The New York Times tries local news, far away
If you read often enough about the supposed death of the newspaper business, you would think that the nation’s newsrooms are increasingly depopulated, barren places, with darkened offices and empty cubicles… the occasional tumbleweed blowing past. (Actually, large stretches of Tribune Co’s New York bureau look just like that, as I saw earlier this year).
In San Francisco, Chicago and other metropolitan centers, you would be wrong. It’s true that both cities bear unfortunate marks of how rough the advertising decline, rise of the Internet and financial crisis have treated their news operations: Hearst was toying with shutting down the San Francisco Chronicle, and Chicago’s leading daily papers, the Tribune and the Sun-Times, are owned by bankrupt companies. Improbably enough, both are turning into hot spots for local news competition.
The New York Times and Wall Street Journal are fighting over San Francisco, and a private equity guy has teamed up with KQED and UC Berkeley to try a nonprofit local news experiment. And now, the Times reported on Wednesday, it is targeting some other cities, including Chicago. Here is an excerpt from reporter Richard Perez-Pena’s writeup on the Times’s decoder blog:
Plans for the San Francisco edition call for adding to the paper, twice a week, two additional pages of news about northern California. At first, the added content will be produced by The Times’ own writers and editors. But eventually, the plan, as in Chicago, is to turn the production over to a local partner.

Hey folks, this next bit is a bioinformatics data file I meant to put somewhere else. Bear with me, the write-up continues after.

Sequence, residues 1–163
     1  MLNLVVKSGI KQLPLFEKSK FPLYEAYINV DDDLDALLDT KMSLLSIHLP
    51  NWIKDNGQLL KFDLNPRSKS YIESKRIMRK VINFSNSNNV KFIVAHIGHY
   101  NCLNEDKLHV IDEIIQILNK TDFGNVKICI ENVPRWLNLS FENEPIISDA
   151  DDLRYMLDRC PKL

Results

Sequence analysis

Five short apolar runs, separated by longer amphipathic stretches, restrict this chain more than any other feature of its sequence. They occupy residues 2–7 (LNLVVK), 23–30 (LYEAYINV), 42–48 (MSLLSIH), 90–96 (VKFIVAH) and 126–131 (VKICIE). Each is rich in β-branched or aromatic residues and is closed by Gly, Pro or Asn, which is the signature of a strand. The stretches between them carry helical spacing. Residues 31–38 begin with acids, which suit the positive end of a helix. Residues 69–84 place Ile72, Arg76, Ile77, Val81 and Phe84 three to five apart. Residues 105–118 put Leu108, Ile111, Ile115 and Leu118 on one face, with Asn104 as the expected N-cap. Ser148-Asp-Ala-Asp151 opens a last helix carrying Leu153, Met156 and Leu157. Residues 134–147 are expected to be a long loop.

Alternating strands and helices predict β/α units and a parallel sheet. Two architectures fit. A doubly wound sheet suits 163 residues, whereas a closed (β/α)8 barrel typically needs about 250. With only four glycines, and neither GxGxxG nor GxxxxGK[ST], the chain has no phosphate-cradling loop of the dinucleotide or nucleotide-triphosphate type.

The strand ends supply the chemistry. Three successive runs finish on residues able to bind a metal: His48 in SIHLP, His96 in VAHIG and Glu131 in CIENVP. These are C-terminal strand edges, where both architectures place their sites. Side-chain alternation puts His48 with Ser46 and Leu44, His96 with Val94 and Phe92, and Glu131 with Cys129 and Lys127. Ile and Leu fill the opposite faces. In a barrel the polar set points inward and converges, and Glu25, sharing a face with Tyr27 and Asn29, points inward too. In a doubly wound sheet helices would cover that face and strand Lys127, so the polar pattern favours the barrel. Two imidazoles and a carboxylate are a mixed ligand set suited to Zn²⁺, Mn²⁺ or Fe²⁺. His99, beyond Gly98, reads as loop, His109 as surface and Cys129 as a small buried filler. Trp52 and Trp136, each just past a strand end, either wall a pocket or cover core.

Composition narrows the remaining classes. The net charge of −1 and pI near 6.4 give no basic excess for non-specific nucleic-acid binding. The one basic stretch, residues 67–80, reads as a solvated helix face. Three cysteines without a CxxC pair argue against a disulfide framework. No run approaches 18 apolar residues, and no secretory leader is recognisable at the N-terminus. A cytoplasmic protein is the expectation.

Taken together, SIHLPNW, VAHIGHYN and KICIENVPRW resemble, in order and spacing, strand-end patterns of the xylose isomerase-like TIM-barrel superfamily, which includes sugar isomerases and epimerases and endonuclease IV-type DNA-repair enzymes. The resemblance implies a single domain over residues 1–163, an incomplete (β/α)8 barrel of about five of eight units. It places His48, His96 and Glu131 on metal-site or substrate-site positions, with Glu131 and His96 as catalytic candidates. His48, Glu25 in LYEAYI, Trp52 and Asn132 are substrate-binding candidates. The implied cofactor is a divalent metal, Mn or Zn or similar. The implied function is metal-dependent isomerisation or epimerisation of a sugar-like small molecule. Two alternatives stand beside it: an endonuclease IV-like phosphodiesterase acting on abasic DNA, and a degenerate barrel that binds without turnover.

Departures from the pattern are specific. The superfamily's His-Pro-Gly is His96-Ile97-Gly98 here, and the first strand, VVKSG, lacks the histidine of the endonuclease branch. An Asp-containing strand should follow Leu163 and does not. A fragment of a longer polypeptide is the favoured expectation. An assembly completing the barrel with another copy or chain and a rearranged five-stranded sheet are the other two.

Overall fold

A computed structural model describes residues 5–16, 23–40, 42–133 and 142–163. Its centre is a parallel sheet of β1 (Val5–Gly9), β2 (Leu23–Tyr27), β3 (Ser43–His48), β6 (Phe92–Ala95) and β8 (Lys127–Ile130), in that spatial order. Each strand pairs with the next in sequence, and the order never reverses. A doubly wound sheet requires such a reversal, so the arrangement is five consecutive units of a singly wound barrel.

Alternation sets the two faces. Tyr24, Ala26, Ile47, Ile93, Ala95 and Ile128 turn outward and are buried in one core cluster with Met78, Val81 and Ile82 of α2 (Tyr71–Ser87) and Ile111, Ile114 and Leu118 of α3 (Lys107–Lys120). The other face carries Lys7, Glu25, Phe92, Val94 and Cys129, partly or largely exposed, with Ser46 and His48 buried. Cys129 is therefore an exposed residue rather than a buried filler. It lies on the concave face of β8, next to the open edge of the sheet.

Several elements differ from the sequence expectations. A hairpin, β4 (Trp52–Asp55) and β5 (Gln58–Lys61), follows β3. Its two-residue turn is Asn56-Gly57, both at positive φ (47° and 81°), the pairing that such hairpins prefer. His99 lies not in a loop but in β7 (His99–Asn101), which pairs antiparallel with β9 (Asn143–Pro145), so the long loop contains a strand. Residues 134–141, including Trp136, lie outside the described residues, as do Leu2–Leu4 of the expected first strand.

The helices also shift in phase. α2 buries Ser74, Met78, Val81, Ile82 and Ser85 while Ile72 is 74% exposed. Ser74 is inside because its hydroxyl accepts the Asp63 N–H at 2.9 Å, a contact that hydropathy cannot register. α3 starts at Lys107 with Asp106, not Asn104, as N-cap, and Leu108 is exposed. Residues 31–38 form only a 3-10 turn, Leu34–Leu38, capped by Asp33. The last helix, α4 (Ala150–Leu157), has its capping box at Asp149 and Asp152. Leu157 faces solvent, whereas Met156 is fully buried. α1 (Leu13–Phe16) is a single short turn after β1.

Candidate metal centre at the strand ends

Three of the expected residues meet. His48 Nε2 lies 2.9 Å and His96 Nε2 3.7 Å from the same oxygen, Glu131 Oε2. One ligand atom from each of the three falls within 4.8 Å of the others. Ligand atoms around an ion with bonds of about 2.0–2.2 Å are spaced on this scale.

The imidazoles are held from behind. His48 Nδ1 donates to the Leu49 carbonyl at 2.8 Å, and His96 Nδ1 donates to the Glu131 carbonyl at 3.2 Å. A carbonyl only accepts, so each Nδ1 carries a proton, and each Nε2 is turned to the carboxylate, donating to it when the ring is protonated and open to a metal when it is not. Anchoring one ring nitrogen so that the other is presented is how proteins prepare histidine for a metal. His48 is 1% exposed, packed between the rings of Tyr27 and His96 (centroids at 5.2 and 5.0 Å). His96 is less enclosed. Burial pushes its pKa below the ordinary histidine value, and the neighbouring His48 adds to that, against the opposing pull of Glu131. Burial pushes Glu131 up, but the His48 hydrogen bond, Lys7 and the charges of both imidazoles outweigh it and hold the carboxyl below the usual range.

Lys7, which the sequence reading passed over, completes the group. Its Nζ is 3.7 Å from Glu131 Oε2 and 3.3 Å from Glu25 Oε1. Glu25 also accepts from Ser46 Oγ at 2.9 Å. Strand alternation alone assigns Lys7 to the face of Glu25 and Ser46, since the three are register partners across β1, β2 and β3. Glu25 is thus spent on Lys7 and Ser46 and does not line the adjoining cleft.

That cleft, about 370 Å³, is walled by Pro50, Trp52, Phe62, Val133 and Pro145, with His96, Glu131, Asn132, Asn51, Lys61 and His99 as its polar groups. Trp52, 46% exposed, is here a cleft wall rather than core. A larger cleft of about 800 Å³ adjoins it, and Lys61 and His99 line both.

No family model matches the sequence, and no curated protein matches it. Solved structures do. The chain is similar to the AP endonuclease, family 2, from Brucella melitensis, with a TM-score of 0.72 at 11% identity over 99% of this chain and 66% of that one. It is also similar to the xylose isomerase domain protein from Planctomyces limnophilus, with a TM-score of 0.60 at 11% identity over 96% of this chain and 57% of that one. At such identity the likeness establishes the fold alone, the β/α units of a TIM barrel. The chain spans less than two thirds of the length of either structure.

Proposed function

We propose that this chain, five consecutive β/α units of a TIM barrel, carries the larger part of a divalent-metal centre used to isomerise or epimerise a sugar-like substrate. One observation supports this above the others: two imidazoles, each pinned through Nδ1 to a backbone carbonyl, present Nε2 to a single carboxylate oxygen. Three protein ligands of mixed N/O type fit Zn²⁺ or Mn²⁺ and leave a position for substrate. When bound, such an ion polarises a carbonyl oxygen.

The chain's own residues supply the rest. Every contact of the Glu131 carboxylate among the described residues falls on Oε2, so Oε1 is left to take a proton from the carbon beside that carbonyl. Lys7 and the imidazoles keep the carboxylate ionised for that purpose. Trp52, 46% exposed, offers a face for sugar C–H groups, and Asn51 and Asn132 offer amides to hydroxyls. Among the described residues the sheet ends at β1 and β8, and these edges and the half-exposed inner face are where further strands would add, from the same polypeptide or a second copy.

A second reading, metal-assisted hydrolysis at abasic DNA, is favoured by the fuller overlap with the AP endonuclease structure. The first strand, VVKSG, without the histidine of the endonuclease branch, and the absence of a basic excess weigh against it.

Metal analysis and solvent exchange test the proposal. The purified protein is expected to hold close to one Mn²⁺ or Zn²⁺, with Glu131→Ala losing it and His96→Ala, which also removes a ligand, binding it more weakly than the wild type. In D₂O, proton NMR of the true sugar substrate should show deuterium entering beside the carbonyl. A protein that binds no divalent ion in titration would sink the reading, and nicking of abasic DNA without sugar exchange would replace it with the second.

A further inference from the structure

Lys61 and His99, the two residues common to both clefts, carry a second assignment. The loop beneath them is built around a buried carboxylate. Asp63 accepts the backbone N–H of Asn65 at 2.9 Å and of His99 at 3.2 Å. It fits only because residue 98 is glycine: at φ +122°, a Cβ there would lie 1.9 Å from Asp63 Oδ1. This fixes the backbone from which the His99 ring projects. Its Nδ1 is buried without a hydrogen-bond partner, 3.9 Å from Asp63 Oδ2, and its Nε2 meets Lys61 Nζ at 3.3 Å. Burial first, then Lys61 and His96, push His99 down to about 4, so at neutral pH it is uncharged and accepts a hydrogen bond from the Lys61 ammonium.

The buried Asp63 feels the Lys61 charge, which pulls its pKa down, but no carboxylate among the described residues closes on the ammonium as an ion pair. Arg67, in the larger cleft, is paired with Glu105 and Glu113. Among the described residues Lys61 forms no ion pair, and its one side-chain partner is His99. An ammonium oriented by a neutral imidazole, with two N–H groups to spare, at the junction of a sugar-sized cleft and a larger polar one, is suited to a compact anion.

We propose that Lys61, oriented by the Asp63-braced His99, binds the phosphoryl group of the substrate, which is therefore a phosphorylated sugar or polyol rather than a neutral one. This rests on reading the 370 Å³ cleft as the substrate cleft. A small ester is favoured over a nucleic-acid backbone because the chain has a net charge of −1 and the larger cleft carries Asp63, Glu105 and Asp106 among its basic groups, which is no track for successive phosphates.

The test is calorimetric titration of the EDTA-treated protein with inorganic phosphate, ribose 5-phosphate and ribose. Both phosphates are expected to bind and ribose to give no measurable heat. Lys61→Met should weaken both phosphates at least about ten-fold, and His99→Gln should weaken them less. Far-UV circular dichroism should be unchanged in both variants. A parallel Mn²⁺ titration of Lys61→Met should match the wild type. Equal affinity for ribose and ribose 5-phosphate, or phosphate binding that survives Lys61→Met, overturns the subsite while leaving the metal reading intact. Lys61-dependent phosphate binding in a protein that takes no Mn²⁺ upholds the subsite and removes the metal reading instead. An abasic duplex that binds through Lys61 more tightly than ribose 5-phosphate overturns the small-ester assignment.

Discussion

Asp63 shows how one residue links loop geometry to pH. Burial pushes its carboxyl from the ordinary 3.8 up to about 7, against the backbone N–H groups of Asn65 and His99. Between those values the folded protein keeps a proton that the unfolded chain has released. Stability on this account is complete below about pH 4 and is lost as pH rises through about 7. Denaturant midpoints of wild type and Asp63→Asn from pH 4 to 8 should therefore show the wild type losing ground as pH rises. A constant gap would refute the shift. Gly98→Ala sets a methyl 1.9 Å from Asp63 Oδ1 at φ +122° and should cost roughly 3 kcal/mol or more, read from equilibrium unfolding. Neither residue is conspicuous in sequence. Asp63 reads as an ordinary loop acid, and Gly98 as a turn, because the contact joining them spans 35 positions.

Here’s more from spokeswoman Diane McNulty, whose statement also was in the Times’s blog:
We’re in conversations with potential news providers in Chicago about adding local content to The Times. Our intent is to roll out these expanded reports in several key markets around the country with Chicago following San Francisco. The details are still being discussed. The idea is to provide additional quality local content for our readers.
Papers like the Times and Journal are trying lots of things that they hope will stem their own ad declines and keep them profitable as they face the threat of a severely diminished future. The idea is to capitalize on the problems that local papers are having by scooping up their readers and giving them a comprehensive national report along with local news. But it’s hard to see where the cost savings will come from in this Chicago case unless they find a local partner to print their papers.
Revenue-wise, perhaps any circulation bump is a good one when it comes to getting more advertising. In terms of fixing what else is wrong with the newspaper business these days, however, it doesn’t look like a game changer. The reason that so many people tout local news as a more healthy media pursuit than national is because local publishers know local audiences and advertisers the best and presumably can give them something that few others can give them. To do that, it’s good to remember that it’s LOCAL publishers who tend to enjoy that advantage.